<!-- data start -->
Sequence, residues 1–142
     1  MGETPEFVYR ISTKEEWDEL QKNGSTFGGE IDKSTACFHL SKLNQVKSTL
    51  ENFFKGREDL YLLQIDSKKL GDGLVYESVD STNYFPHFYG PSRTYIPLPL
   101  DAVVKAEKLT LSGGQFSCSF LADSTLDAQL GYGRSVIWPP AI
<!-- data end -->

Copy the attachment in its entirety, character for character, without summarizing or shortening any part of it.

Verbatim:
Sequence, residues 1–142
     1  MGETPEFVYR ISTKEEWDEL QKNGSTFGGE IDKSTACFHL SKLNQVKSTL
    51  ENFFKGREDL YLLQIDSKKL GDGLVYESVD STNYFPHFYG PSRTYIPLPL
   101  DAVVKAEKLT LSGGQFSCSF LADSTLDAQL GYGRSVIWPP AI